What was the answer?
A JUROR: Yes
THE COURT: Was that unanimous?
A JUROR: No, it was not.
Id. at 535.
And the jury being promptly excused, the following colloquy immediately
THE COURT: I take it, I'm now talking to the
attorney for [Haymarket], you want me to set aside the
MS. RICHARD: I renew my application.
THE COURT: That motion is granted. And I'm directing
the clerk to enter a judgment on the issue of
liability in favor of the plaintiff
Id. at 536.
Directly following the verdict and its immediate vacatur and reversal,
D.G. issued a press release, which reads in part:
D.G. Jewelry Wins Jury Verdict Against Haymarket
Judge Directs Verdict for Plaintiff
TORONTO — (BUSINESS WIRE) — Nov. 22, 2000
— D.G. Jewelry Inc. (Nasdaq: DGJL —
news), which designs, manufacturers, merchandises and
distributes stone-set jewelry, today reported that a
jury rendered a verdict 8-1 in favor of D.G. Jewelry,
in an action brought by Haymarket and that Haymarket
was guilty of involvement in a scheme to manipulate
the price of D.G. Jewelry shares.
Justice Gammerman of the Commercial Division of the
Supreme Court of the State of New York, directed a
verdict in favor of the plaintiff, a decision which
will be the subject of appeal.
As a result of the decision, its reversal and pending
appeal, Justice Gammerman indicated that he would stay
any obligations to act on the part of D.G. Jewelry.
Jack Berkovits, CEO of D.G. Jewelry stated: "The
jury's verdict confirms our contention at the trial
that external forces brought by Haymarket, acting
through Southridge Capital and Thomson Kernaghan
participated in a scheme to depress the share price of
DGJL in the period July 19, 1999 to October 11, 1999.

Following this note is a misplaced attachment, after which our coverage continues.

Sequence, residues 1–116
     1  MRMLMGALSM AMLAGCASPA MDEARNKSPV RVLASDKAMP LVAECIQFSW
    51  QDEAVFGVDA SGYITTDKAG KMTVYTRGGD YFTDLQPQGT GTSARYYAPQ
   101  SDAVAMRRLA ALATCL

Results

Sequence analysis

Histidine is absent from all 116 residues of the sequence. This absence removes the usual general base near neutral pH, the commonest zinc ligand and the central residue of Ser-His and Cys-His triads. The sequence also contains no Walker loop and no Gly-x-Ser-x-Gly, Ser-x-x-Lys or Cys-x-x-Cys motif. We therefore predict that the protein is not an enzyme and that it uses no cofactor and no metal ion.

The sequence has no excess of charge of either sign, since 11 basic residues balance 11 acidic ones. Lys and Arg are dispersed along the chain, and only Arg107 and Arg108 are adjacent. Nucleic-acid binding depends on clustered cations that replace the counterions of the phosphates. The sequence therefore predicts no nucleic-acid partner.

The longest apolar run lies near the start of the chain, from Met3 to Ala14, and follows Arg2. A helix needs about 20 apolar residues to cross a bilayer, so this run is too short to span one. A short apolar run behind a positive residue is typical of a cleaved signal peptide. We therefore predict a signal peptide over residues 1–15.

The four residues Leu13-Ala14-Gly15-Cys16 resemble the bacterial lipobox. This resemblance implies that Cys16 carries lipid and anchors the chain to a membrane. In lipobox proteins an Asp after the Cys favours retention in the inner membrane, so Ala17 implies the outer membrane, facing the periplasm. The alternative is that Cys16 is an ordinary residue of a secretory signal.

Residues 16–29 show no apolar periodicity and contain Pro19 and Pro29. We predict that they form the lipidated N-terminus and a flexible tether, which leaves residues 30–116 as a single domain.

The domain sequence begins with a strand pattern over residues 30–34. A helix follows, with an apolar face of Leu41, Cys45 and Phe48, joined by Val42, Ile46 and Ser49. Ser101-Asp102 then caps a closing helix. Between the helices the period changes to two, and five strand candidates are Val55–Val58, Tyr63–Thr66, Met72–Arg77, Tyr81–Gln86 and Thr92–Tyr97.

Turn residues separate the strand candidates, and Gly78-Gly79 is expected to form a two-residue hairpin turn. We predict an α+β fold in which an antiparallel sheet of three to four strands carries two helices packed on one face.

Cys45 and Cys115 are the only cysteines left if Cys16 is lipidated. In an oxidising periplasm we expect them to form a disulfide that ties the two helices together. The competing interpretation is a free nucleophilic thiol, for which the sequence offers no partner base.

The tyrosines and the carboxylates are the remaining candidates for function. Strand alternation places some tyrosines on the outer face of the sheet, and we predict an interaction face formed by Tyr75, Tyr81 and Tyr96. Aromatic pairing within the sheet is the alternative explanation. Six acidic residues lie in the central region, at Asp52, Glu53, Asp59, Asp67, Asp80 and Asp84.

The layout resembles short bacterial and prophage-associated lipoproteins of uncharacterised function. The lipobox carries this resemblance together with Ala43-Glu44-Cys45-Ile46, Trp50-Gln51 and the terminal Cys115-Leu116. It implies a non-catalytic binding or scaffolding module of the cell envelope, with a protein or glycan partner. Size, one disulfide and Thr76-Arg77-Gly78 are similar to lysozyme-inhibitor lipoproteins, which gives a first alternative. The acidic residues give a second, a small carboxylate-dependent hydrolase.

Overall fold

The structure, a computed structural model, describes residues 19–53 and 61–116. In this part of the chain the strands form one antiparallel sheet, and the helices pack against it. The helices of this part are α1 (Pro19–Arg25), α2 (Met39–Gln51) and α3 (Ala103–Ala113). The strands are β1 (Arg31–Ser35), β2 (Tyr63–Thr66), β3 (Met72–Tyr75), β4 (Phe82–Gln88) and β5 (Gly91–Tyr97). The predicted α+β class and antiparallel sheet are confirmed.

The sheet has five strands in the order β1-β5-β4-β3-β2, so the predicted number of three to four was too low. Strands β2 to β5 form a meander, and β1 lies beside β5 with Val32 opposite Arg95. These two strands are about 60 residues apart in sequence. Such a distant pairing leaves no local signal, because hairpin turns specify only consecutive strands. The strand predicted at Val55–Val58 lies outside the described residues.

"We are hopeful and confident that the appellate court
will find in our favor as well."*fn2
Berkovits further stated: "The Company intends to
pursue the matter to its ultimate conclusion,
including an action for damages against Haymarket and
these advisors and affiliates through which we
contended at trial. Haymarket conducted its
manipulation, including Southridge Capital and Thomson
Kernaghan and others."
In D.G.'s release above, I note that D.G. nowhere identifies Haymarket
as the plaintiff or D.G. as the defendant. Thus to a lay, or even a
legally trained reader, the heading "D.G. Jewelry Wins Jury Verdict
Against Haymarket" and the subheading "Judge Directs Verdict for
Plaintiff' could be read as both the jury and the judge finding for D.G.
Further, the release's language that D.G. was "hopeful and confident that
the appellate court will find in our favor as well" (underscoring
supplied) (omitting to state that it was D.G. that would be appealing)
could doubtless reinforce in a reasonable reader's mind that both the
judge and the jury had found in D.G.'s favor.
Two further press releases, one from each party, followed over the next
month. While a scrutinizing student of all three releases might be able
from the charges and counter-charges to determine what had basically
happened, it is for a jury to determine what, if anything, various
readers read, studied and parsed out.
But more was to come that a jury here could find revealing of